hardest part

The Hardest Part of Running a Business

My store hadn’t been opened for very long when she said to me with a twinkle in her eye, “Madame, it looks like you are going to have to put on your big girl panties.” and then walked away.

She was right.

Someone owed us money and I needed to pick up the phone and call him to discuss it.

It was uncomfortable and awkward but it needed to be done. The invoice had been mailed several times, emails and voicemails had gone unreturned.

With my phone number blocked, I picked up the phone and proceeded to call this gruff and abrasive man to negotiate why he should pay us and pay us now.

It was not fun.

A few years later, I took on a project for a client whom I had a bad feeling about. I ended up in the same situation. She owed us a lot of money because we kept doing the work, even though she had not paid.

Having to chase her for money was the most unpleasant part of my business and even now, after all these years, once-in-a-while it happens again.

On one hand, I want to believe that people are good and that they will pay their invoices according to our agreement, like mature and responsible adults.

On the other hand, I want to create really rigid processes to ensure I am never taken advantage of again, because let’s face it when that happens, it doesn’t feel good.

Those people who are not always true to their word represent the hardest part of running a business. Share on X

One might say, “let it go, it is a small percentage of your business, just ‘write it off’ as a loss.”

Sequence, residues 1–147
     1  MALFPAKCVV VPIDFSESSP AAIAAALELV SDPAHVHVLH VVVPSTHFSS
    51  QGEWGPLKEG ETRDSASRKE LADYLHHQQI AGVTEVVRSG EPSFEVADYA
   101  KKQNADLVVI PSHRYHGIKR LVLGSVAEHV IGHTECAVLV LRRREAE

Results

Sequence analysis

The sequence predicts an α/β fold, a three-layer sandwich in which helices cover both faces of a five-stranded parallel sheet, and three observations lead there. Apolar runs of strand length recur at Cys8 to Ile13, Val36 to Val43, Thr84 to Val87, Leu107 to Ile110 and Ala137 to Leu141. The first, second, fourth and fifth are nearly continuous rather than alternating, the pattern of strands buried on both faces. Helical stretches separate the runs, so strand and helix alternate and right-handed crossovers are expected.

But here’s the rub….

For each of the three people who have stiffed me in some way over the past eight years, somehow in my gut I knew they were not a good match.

The lesson, the really hard part of running a business, is saying no to those people BEFORE they owe you money when you sense they are not as full of integrity as the other 99.6%.

So how do you do that? How do you graciously say, “no thank you” to business when you fear loss of revenue, hurting someone’s feelings, or being wrong?

It’s not easy and I am still learning but the simplest way to handle this is to stick to your own rules (in every case I described above, I made an exception). And, if you REALLY don’t want the business, just tell them the truth.

Put YOUR big girl panties on and say “no thank you, too busy, can’t do it.”

What about you? What is the hardest part of running your business? What is that thing that makes you squirm, keeps you up at night, and makes you wish you could just hire someone else to “just do it” for you?



15 thoughts on “The Hardest Part of Running a Business”

  1. I really liked this article. It brings up a very real problem and a solution. I truly agree with Lisa, trust your instincts. It is the Universe’s way of letting you know you are out of focus and deviating from the path and the flow of positive and prosperous energy. Great advice. Thank You Lisa.

  2. Heather Chernofsky

    I used to have problems with my pricing but through the Pilot Program, I am learning to keep my “big girl panties” on. In the past couple months, one of my long-term clients did not want to continue the contract (finished end of October) they had with me because their board wanted to spend less money but also apply for a subsidy from the government by hiring someone from a support agency. Initlally it bother me but I stuck to my guns and will continue to do so. Lisa, thank you so much for your on-going support.